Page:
I am a huge fan of The New York Times. After The New Yorker, it is my favorite periodical. Their pieces on Suboxone and Adderall last fall were well researched, and they recently nailed it when it comes to sleeping medications like Ambien. The Times has a great track record and probably the biggest influence of all the world’s newspapers. It is because of that track record and influence that I am so disappointed about their weeklong series on marijuana that kicked off last Sunday with a poorly thought out piece. I responded to it in a previous post.
The White House reacted with this statement, which sited several studies and argued four major points:
(1) marijuana use effects the developing brain
(2) substance use in school age children has a detrimental effect on their academic achievement
(3) marijuana is addictive
and (4) drugged driving is a threat to our roadways
All of those points are facts. On Thursday, the Times responded with this piece. They stated that they are not encouraging adults to smoke and that they agree that drugged driving should remain illegal. Ludicrously, they cited a study in marijuana medical magazine (yes, it’s a real thing) that put forth that marijuana is less addictive than caffeine. They concluded it with this statement:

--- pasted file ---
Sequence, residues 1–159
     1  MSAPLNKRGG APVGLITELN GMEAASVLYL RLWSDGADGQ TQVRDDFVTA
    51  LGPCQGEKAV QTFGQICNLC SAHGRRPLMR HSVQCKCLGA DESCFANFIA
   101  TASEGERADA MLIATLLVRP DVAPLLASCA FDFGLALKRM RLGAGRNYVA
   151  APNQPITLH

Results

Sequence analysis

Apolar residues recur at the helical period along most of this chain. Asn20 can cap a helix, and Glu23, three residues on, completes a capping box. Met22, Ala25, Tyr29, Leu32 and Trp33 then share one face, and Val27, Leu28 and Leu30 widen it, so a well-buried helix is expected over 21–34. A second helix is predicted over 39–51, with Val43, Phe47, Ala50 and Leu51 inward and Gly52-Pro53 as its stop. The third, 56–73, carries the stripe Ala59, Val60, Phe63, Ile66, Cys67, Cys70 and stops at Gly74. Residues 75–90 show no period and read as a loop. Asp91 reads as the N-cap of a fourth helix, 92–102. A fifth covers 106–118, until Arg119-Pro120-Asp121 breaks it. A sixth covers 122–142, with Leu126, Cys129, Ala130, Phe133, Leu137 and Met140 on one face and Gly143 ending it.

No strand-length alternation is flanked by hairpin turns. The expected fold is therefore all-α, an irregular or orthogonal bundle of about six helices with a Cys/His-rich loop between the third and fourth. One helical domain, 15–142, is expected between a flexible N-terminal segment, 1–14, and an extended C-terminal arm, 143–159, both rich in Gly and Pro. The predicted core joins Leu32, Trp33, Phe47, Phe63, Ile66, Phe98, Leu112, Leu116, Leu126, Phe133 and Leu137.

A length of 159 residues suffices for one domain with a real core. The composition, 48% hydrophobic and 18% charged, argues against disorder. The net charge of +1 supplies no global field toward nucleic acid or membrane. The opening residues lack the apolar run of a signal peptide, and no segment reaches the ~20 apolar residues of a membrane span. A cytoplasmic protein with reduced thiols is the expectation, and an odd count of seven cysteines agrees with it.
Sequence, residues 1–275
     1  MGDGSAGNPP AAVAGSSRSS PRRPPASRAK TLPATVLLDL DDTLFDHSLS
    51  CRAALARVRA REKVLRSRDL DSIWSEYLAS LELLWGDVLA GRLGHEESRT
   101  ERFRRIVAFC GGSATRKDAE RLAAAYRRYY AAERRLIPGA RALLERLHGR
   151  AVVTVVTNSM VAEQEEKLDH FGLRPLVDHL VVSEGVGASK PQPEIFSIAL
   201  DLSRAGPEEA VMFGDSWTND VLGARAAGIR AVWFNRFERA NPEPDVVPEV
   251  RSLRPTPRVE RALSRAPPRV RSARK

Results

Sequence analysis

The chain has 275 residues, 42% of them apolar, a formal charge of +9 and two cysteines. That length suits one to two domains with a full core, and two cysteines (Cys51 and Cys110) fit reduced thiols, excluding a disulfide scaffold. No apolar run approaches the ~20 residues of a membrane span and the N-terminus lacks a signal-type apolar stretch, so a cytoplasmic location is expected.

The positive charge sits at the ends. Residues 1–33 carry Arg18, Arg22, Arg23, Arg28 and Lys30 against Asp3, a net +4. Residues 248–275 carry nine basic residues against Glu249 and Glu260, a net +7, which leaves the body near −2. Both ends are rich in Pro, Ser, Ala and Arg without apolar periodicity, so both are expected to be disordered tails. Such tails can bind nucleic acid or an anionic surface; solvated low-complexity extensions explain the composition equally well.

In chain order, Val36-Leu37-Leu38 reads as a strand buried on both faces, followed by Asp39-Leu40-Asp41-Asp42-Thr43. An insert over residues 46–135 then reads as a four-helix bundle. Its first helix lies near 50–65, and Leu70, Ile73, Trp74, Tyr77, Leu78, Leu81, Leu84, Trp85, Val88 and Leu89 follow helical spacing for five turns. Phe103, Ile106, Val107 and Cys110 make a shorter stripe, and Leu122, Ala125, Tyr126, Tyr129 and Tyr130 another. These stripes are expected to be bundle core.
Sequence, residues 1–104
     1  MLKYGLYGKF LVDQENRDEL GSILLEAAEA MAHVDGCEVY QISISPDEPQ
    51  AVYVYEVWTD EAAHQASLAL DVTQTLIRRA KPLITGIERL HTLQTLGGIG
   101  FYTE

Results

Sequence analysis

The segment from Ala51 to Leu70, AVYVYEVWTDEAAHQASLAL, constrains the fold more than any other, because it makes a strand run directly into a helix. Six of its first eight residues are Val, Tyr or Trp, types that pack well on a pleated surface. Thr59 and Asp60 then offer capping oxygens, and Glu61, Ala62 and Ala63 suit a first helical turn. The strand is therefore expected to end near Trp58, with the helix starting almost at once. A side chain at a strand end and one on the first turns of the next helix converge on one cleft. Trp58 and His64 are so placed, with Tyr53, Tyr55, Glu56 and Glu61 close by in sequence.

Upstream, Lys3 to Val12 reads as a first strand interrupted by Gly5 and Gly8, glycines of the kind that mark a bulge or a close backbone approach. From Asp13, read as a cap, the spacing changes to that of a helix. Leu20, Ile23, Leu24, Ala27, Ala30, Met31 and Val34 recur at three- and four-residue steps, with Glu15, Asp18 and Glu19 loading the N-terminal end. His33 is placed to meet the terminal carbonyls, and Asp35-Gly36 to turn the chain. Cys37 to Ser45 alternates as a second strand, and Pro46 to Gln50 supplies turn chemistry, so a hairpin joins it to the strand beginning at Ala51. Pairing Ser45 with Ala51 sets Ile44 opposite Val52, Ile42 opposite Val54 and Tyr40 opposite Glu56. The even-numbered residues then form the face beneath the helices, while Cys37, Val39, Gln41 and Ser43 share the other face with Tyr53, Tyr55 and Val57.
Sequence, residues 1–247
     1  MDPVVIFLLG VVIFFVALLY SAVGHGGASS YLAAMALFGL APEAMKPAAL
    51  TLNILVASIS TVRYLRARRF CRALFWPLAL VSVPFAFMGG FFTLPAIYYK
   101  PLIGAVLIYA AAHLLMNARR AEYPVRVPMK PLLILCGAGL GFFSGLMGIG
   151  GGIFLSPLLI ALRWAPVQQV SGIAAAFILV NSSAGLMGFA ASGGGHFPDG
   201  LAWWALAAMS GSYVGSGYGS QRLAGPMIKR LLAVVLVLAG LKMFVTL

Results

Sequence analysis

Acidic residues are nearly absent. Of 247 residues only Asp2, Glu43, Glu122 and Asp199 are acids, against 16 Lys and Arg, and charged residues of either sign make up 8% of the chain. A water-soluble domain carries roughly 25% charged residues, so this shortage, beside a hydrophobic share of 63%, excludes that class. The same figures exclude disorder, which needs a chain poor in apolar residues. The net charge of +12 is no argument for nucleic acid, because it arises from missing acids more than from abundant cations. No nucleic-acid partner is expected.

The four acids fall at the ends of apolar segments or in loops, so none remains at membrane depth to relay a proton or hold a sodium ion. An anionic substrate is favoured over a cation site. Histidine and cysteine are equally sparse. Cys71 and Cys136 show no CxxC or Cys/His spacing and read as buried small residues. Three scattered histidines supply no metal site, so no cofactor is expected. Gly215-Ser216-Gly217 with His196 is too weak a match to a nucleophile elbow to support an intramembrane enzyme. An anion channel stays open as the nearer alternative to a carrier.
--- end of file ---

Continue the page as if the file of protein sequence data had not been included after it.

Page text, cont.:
We are simply asking the federal government to get out of the way so that states can decide what marijuana policies would work best for their own people.
It’s ironic that the Times has asked the Federal Government to get out of the way of states, because that is inconsistent with much of the other ideaologies that they espouse. When it comes to gun control, abortion rights, climate change, education and prison policy, the editors of the Times continually come out in favor of the Federal Government to correct the laws of states whose policies they disagree with.
Dr. Stuart Gitlow, the current president of the American Society of Addiction Medicine (ASAM), wrote this retort to The New York Times marijuana op-ed and later said in an interview that (I’m paraphrasing here), “I don’t think they talked to a medical doctor at all before they published this. I didn’t get wind of it until the morning it was published.”